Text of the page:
Project Status

Project Type:  Protected Spring

Regional Program: Western Kenya WaSH Program

Impact: 210 Served

Project Phase:  In Service - Mar 2018

Functionality Status:  Functional

Last Checkup: 07/05/2023

Project Features

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Community Profile

This project is a part of our shared program with Western Water and Sanitation Forum (WEWASAFO). Our team is pleased to directly share the below report (edited for clarity, as needed).

Welcome to the Community

Arriving in Matsakha, one is met by heavy trucks taking the sugarcane harvested from the farms to Butali Sugar Factory. Many people within this community are sugarcane farmers, and their days start as early as 5am with sugarcane cutting. Women wake up even earlier than the men to prepare breakfast for them before they leave.

The women start streaming to the spring by 6am to fetch water for the rest of the day's cleaning and cooking. After preparing breakfast, women join their men on the sugarcane farms to cultivate and pick up the sugarcane behind the cutters. At the same time, children are seen carrying their school bags as they rush to school. Everyone starts arriving back home around 5pm. As they arrive, the women and children pick up their water containers and rush to the spring to fetch water for dinner and bathing. Young men are also seen on the path to the spring, taking their animals for watering.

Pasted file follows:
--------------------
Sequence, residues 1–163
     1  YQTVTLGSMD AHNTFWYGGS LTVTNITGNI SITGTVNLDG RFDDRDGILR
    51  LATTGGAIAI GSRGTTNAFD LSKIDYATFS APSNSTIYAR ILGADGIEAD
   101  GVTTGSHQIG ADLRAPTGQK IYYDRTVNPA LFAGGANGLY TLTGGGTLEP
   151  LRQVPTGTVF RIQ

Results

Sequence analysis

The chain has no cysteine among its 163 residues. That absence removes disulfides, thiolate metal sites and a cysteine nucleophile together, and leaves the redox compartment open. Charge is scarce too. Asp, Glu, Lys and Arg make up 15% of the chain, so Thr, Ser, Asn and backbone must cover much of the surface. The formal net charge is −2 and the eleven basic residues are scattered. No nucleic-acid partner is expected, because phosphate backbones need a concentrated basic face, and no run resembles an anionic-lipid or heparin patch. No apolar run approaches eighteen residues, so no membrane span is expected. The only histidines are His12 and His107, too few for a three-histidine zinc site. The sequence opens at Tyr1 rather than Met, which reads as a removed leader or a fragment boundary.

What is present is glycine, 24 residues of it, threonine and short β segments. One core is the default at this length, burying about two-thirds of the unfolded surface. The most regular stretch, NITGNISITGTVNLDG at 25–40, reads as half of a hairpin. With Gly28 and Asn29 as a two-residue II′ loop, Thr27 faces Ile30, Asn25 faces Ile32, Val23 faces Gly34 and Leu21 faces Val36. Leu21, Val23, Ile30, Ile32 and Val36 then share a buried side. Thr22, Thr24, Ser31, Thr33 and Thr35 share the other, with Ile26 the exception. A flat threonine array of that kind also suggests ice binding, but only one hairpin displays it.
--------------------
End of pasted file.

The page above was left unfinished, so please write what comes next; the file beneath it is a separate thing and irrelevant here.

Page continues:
Water Situation

Kombwa Spring is central to Matsakha Community, but its water is dirty. The community has been pulled along for years, with many politicians visiting and promising clean water if they're elected. Traces of local materials collected and delivered to the spring site were seen during our own visit, revealing this history of unfulfilled promises.

The nearest clean water source is Matasha Mwanje Spring, which is about 1.5 kilometers away. But community members don't always have that time, and must settle for the dirty water at home. This water is often used for drinking, cooking, and cleaning.

Mr. Kefa Manyasa said, "Am telling the greatest problem we face in this comunity is accessing safe and clean water. We have really been affected, especially our children who have had repeated cases of waterborne diaseases outbreak such as typhoid and diarrhea. I personally spent 3,500 shillings last month treating my younger son Jihn, age four. We shall really be grateful if we can get a sponsor!"

Sanitation Situation